Illegal drugs and immigrants pour across an open frontier. The government responds with helicopters and ATVs. And the once-quiet desert homeland of the Tohono O’odham Nation becomes a nerve-wracking police state.
TOHONO O’ODHAM NATION, ARIZONA
A five-strand barbed-wire fence is all that separates the United States and Mexico in this remote southeastern corner of America’s second-largest Indian nation.
On a warm Sunday afternoon in early January, no one from U.S. law enforcement is checking documents as people move back and forth at a crossing — really, just a steel cattle guard in a gap in the fence — known as the San Miguel Gate. There are no signs of Mexican border officials keeping tabs on the gate. Tohono O’odham tribal police are nowhere to be seen.
On this day, in fact, the only suggestion of government control is a Border Patrol officer, posted several hundred yards north of the gate. The officer does not stop a High Country News reporter in a Chevy Suburban (a vehicle prized by the border area’s smugglers) from driving southbound, on the dirt road leading to the gate.
Officially, only members of the Tohono O’odham Nation are allowed to pass through the San Miguel Gate. But no signs warn non-members against crossing. The biggest obstacles to traversing the border at the San Miguel Gate, it seems, are the six-inch gaps between the steel rails of the cattle guard there.
And once you’re in Mexico, the party begins.
Vendors from the northern Sonora towns of Altar, Caborca and Sasabe sell tortillas, white cheese, sodas, water, beer and tequila from the sides of vans and backs of pickup trucks. A Yaqui musician strums his guitar and squeaks out a tune on a harmonica, entertaining six O’odham folks jammed into a sedan, downing quarts of beer and eating tamales.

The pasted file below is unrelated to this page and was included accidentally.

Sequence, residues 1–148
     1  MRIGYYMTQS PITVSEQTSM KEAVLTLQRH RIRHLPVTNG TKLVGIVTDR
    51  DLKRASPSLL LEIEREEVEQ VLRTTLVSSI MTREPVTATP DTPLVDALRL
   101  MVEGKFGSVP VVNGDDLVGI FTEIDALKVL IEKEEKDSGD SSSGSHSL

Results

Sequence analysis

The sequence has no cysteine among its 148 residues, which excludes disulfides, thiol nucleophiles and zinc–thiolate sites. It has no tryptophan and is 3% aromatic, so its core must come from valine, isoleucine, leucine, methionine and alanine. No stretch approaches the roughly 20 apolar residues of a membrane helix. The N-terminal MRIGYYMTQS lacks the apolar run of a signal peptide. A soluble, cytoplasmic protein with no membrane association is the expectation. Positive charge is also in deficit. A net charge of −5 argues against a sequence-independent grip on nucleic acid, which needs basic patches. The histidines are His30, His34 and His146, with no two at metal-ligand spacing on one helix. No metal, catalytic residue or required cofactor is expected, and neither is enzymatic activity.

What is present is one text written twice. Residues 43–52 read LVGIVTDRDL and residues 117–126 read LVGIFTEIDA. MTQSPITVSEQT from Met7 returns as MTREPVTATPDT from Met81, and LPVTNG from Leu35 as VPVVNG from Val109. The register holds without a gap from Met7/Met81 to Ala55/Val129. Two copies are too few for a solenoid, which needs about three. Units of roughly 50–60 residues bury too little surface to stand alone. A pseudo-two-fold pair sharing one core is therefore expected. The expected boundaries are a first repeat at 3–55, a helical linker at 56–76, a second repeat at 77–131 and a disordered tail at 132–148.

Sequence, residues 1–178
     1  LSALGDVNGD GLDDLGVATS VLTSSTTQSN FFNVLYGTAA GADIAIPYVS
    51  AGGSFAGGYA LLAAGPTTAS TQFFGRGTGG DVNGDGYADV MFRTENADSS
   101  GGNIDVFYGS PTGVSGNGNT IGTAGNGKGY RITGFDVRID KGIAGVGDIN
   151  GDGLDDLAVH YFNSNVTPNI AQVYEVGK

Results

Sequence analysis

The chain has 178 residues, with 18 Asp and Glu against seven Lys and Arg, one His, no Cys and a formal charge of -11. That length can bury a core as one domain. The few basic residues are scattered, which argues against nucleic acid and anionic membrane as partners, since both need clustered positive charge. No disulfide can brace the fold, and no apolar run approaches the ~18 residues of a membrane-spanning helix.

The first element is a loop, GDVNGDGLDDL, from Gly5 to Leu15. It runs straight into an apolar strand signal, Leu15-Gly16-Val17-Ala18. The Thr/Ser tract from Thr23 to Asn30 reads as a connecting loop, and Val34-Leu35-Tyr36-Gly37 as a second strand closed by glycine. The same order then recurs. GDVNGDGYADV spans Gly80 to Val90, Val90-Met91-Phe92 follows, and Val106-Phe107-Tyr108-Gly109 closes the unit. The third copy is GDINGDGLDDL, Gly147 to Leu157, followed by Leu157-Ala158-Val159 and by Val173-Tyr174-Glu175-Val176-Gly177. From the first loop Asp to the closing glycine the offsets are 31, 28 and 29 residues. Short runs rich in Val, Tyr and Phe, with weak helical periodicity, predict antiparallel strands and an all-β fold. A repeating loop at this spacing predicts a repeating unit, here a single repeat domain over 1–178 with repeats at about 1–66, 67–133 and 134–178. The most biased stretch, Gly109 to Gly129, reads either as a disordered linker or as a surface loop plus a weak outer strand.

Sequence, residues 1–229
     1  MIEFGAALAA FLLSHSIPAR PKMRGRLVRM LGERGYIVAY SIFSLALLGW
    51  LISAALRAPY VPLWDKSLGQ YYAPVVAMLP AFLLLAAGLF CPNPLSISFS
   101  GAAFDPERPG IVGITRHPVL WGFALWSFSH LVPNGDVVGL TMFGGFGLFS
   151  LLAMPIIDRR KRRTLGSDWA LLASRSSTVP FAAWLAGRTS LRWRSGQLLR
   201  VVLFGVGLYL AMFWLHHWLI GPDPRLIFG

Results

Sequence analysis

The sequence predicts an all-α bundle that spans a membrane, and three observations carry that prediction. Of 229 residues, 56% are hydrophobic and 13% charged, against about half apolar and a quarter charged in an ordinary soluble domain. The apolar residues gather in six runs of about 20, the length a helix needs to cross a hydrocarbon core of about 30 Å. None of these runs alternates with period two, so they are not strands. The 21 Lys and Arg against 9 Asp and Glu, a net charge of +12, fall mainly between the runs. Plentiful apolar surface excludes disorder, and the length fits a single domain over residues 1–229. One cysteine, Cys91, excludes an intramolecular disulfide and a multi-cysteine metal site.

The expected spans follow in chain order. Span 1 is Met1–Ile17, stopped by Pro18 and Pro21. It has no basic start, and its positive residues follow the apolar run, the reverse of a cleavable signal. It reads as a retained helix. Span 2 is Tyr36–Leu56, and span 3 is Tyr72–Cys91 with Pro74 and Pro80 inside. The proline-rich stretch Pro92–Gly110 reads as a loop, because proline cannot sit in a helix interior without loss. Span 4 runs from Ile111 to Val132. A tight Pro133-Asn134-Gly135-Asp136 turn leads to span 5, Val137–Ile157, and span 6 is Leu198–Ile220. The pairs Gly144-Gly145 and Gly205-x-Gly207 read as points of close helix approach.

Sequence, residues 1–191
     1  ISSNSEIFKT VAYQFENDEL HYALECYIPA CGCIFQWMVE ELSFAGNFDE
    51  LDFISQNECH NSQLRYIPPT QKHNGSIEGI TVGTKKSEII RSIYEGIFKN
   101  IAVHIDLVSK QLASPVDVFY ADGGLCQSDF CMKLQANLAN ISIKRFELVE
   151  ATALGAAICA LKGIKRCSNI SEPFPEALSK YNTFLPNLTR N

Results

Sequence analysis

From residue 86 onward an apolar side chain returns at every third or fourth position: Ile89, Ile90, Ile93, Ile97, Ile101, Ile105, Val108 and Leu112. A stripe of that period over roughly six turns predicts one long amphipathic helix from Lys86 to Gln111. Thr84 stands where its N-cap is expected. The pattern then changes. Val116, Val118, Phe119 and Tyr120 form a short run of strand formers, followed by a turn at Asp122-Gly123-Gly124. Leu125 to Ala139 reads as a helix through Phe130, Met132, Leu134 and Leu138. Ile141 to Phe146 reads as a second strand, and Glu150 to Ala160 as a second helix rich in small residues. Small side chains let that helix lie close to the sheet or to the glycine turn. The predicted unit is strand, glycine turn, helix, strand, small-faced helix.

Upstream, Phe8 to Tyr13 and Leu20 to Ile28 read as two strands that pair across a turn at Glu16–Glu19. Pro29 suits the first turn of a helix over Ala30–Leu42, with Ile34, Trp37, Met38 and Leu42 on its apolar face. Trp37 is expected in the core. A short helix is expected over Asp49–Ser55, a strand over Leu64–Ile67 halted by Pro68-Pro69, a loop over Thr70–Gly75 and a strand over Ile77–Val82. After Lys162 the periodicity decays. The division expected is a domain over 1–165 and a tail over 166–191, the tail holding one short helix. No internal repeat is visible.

For decades, O’odham tribal members have used the San Miguel Gate to enter Mexico and shop at the weekend flea market rather than face a lengthy drive to purchase traditional foods (and, for some, liquor, which is not sold on Indian lands) off-reservation. The mood at the bazaar is light-hearted and friendly, at least until an Anglo reporter approaches and tries to strike up a conversation. The vendors are eager to sell their wares, but they are reluctant to talk about what else goes on at the market, particularly when the sun goes down.
“This place is out of control,” says Francisco Bennett, leaning against the side of a pickup truck from which an old man is selling food and beer out of a cooler. Bennett says he’s been coming to the bazaar for years to shop, party and socialize with his O’odham friends, who live on both sides of the border. Years ago, he says, families with young children would gather for the day and stay well into the evening.
But those relaxed weekends are long gone.
[Continue the story at High Country News using the link on the title.]